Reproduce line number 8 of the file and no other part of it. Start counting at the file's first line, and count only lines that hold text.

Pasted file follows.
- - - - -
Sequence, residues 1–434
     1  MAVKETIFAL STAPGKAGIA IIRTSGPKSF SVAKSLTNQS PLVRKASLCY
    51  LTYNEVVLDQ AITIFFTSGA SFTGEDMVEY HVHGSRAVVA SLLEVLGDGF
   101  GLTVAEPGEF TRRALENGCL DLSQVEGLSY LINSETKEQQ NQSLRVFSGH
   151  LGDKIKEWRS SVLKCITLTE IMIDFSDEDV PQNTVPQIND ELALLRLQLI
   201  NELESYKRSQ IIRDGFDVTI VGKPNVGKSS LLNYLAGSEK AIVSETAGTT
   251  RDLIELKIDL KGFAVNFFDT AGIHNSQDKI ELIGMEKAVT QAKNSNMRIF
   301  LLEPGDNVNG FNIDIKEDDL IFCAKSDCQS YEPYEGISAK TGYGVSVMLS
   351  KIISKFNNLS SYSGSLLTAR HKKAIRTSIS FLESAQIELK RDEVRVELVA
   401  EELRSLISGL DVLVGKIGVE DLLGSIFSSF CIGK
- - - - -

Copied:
   301  LLEPGDNVNG FNIDIKEDDL IFCAKSDCQS YEPYEGISAK TGYGVSVMLS